Woman are being encouraged to look out for the most common signs of cervical cancer
Cervical cancer is the 14th most common cancer, with around 3,200 new cases every year, while one in 142 females will be diagnosed within their lifetime
While cervical cancer can often be symptomless, there are some signs experts say you should never ignore
From painful sex to fatigue and unexplained weight loss, read on to find out more about the potential signs of cervical cancer and how spotting them early could save your life
Women could be ignoring some potential key symptoms of cervical cancer, due to a lack of awareness about what to look out for, a leading health expert has warned.
Research, from Cancer Research UK, has revealed that there are around 3,200 new cervical cancer cases in the UK every year, that's nearly nine every day.
Cervical cancer is the 14th most common cancer, with around 3,200 new cases every year, while one in 142 females will be diagnosed within their lifetime.
Unfortunately, however, too few women are aware of the signs of cervical cancer, and only 69.9% of eligible women between the age of 25 and 64 took up the offer of free cervical screening in 2021-22.
With this week marking the start of Cervical Cancer Prevention Week, Yahoo UK spoke to Valentina Milanova, founder of women's health research and development company, Daye, to throw a light on the five common symptoms of gynae cancer that we should all look out for.
While cervical cancer can often be symptomless, which is why it is so important to attend regular cervical screenings so your doctor can check for any pre-cancerous cells, there are some symptoms you should never ignore.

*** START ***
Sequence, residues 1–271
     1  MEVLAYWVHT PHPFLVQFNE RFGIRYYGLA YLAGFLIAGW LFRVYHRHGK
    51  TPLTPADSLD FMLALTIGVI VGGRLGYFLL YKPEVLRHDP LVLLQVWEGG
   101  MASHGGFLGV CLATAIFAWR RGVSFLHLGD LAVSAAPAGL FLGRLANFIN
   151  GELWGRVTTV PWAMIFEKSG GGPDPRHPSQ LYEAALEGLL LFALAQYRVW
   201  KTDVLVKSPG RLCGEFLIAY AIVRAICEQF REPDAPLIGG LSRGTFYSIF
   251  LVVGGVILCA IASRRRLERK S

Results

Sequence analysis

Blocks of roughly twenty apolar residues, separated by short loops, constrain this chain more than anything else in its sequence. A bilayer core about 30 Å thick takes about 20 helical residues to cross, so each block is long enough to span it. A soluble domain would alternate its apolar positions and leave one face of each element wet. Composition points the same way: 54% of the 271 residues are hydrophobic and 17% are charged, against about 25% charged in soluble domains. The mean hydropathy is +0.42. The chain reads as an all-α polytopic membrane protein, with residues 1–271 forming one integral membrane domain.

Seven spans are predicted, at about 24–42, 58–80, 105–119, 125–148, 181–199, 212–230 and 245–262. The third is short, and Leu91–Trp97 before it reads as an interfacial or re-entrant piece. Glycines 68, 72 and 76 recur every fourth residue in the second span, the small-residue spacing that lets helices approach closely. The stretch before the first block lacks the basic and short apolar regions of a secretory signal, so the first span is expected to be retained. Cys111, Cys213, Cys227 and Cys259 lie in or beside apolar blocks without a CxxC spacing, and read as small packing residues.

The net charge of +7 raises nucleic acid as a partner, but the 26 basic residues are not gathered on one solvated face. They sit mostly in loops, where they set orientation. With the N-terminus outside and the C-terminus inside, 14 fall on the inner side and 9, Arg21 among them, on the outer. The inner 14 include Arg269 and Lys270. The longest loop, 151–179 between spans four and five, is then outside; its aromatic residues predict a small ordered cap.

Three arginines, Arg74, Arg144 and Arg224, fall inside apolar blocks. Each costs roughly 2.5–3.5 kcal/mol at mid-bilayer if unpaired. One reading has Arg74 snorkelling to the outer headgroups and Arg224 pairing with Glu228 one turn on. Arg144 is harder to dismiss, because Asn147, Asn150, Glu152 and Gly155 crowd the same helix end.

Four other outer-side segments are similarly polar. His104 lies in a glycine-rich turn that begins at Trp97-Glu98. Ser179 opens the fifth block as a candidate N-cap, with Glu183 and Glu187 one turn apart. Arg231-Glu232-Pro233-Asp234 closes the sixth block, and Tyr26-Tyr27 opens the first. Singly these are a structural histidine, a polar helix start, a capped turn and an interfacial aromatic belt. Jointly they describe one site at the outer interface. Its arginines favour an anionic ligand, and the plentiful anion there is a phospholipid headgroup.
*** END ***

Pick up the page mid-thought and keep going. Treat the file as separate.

"One of the most difficult things about cervical cancer is that in its early stages, it often doesn’t present any symptoms," explains Milanova. "It’s not until it is in its advanced stages that symptoms start to show. This is why it’s incredibly important that all women and assigned female at birth (AFAB) individuals attend their regular cervical screenings (also known as smear tests).
"Cervical screening is a way of preventing cervical cancer as it tests for HPV, which causes the majority of cases of cervical cancer.
"If detected early, cervical cancer is one of the most successfully treatable cancers. If you or someone you know are experiencing any of the following symptoms, make an appointment with your doctor or your local sexual health clinic to investigate further."
From unexpected vaginal bleeding to painful sex, Milanova believes if more women could spot these signs, they might get diagnosed and receive treatment sooner.
The key thing here is that the vaginal bleeding is unusual for you, including bleeding during or after sex, between your periods, or after menopause.
"Bleeding or spotting after a pelvic examination or having heavier periods than usual could also be symptoms of gynaecological cancers, such as cervical cancer," explains Milanova.
Unusual vaginal discharge
Women should look out for changes to the consistency, smell and amount of vaginal discharge, including thicker discharge, discharge with an unpleasant smell, and increased amount of discharge or discharge that has a different colour than normal.
"Pink or reddish discharge is an indication of bleeding and should be brought up with your doctor," Milanova explains.
Watch: Woman who couldn't carry a child after cervical cancer becomes a mum - after her friend was her surrogate
Pain during sex, including experiencing irritation in and around the vagina and vulva is another potential sign women shouldn't ignore.
Pain in your lower back, between your hip bones (pelvis), or in your lower tummy, especially when it’s persistent, is also something women are encouraged to look out for.
Fatigue, loss of appetite or unexplained weight loss
According to Milanova cervical tumours produce small proteins called cytokines. Some of these proteins can suppress your appetite and cause changes in your metabolism, resulting in fat being broken down at a higher rate than normal.
While many of these symptoms could be down to a number of less serious reasons, it is very important to get checked.
If you have another condition like fibroids or endometriosis, you may get symptoms like these regularly.
You might find you get used to them. But the NHS says it is important to be checked by a GP if your symptoms change, get worse, or do not feel normal for you.